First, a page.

For more than a decade Costa Ricans and foreigners living and visiting Costa Rica have had to accept the decisions of the Instituto Costarricense de Electricidad (ICE) with respect to cellular telephone service, with poor service, no coverage in many areas and the banalities of a state institution of dictates who can and who cannot subscribe to their cellular service.
For decades ICE had the monopoly on telecommunications. But that all changed at the end of 2008 with the passing of the Ley General de Telecommunicaciones, which allows the opening of the telecom sector and breaks the decades old ICE monopoly.
But what has really changed? Let’s take a look.
Improving on the TDMA technology that was first in use in Costa Rica, ICE moved to GSM. But, as with the TDMA, service was spotty, especially in rural areas and there was always a lack of sufficient lines to meet the demand, causing long lines ups at ICE offices when lines were made available.
The ICE policy also created black market for foreigners and visitors who wanted to get connected, since only citizens and “legal” residents could subscribe to cellular service, a policy that was instituted quickly after the introduction of the first cellular service in the late 90’s.
Today, that policy continues, even tough the technology has changed, like the ability to offer pre-paid cellular service and the fact that ICE now has more than sufficient lines to meet the demand.
According to Jaime Palermo, director of División de Clientes, ICE will soon make available for pre-paid cellular service with the GSM lines customers are trading in for the 3G.
Palermo says that 110.000 GSM customers have already switched over, the majority of clients who had “high end” phones and wanted to take advantage of services like the transmission of data (internet over the cellular network).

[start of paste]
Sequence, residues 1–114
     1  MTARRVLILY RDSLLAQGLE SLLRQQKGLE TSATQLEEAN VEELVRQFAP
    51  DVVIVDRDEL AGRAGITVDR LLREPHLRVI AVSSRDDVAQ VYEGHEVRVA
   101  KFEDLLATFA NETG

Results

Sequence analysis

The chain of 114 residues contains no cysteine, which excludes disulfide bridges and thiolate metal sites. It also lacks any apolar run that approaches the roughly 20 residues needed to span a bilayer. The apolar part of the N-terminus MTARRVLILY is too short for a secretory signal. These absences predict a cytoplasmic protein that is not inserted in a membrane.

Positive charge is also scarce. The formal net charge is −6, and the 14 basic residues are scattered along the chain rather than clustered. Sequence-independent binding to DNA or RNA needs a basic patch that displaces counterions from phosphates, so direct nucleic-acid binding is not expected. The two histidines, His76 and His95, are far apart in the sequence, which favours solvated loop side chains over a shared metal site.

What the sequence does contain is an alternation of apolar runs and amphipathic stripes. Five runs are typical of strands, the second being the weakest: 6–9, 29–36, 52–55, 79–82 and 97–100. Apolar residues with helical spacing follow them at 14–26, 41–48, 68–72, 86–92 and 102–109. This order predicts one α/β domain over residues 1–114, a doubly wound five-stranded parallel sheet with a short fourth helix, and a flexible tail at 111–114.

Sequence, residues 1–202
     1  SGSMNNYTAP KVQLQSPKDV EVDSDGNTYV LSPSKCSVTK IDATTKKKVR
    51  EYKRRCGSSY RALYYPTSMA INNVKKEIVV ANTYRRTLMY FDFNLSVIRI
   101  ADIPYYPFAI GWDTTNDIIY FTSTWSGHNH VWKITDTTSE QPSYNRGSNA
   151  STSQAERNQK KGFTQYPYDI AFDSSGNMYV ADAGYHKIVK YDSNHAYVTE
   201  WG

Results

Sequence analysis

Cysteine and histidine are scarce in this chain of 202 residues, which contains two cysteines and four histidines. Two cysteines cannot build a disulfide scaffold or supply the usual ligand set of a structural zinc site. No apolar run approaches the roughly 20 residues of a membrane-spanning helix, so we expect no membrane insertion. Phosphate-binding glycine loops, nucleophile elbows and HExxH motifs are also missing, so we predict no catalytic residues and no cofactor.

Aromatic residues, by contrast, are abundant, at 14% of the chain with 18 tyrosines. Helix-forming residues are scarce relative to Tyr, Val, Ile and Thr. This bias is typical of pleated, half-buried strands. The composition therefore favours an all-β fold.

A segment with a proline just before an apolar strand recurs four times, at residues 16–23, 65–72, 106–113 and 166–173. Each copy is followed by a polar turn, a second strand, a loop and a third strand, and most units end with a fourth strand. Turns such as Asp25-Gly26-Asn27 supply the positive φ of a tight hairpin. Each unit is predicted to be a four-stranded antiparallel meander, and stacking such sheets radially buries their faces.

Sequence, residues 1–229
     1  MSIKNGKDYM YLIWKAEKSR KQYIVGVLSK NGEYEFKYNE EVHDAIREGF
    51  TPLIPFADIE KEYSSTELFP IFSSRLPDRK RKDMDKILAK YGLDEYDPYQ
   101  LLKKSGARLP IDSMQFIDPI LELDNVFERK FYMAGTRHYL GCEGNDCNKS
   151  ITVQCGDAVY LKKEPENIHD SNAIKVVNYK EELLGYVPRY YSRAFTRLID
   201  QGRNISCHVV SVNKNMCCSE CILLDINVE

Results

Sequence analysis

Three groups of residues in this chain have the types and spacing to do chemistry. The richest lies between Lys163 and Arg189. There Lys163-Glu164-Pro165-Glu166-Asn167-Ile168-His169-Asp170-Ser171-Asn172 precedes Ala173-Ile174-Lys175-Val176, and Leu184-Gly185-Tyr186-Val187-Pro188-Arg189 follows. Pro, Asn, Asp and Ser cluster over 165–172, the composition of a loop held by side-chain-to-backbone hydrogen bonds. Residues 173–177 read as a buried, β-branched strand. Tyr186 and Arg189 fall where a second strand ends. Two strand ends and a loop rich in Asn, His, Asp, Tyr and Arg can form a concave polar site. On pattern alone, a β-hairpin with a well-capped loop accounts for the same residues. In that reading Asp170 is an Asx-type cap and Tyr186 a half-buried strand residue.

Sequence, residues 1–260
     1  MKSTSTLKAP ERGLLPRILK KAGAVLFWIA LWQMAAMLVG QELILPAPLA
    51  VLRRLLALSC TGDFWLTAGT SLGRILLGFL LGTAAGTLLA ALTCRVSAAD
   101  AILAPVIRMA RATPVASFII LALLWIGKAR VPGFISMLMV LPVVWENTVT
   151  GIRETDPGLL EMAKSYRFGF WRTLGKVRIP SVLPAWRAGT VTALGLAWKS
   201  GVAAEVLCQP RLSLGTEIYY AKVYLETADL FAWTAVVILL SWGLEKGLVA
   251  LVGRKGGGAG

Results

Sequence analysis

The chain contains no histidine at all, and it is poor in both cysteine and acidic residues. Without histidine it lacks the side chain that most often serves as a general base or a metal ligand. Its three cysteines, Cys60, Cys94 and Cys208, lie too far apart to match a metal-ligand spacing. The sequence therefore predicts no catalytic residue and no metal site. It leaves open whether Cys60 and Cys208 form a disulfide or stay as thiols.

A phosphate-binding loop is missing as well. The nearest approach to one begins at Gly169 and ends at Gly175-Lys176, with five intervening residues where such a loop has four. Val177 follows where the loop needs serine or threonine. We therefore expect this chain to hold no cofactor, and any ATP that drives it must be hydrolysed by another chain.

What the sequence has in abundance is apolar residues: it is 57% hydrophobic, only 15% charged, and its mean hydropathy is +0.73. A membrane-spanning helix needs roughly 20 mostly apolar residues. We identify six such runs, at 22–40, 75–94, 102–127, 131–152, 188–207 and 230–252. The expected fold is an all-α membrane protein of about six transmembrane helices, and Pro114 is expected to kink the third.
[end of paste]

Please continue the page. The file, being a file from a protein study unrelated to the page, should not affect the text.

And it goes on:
However, that news does not really change anything for foreigners or visitors, as ICE continues to maintain the “residency” policy in effect, a policy that even extends to subscribing only to the cellular internet service, a service that uses a USB stick to connect a computer to the 3G network.
Although ICE now has hundreds of thousands of lines of the 3G network available and will soon free up 300.000 lines of the GSM network, foreigners living in Costa Rica and those just visiting cannot obtain any type of cellular service.
That policy even extends to those foreigners who obtained their cellular service before ICE instituted the residency policy, where they can transfer their TDMA service to the 3G, but cannot obtain any new additional services.
And it gets worse for those subscribers, as ICE will not be returning the difference of the deposit, not yet anyways.
Let me explain.
With the subscription to TDMA service, ICE required a deposit of ¢60.000 colones (us$260 dollars when the exchange rate was ¢225 colones to a dollar). Now it only requires a ¢12.500 deposit (us$22).
Transferring TDMA customers could get a refund or credit on the difference or the entire deposit back if they cancelled their service entirely. But, that is not happening just yet, as ICE says it does not have the ability to issue those refunds or credits just yet. “Maybe in February”, said Palermo.
For those who already took out their calculator will notice that the refund is some us$210 short. Now, multiply that by hundreds of thousands of customers who are subscribed to the TDMA.
How is that? Well, when ICE was asking for ¢60.000 colones, the exchange rate was around ¢225 colones per one US dollar.
Now, the exchange rate is hovering at ¢570 colones per one us dollar, which means ¢47.500 colones is only us$83 and not us$210 when the deposit was paid.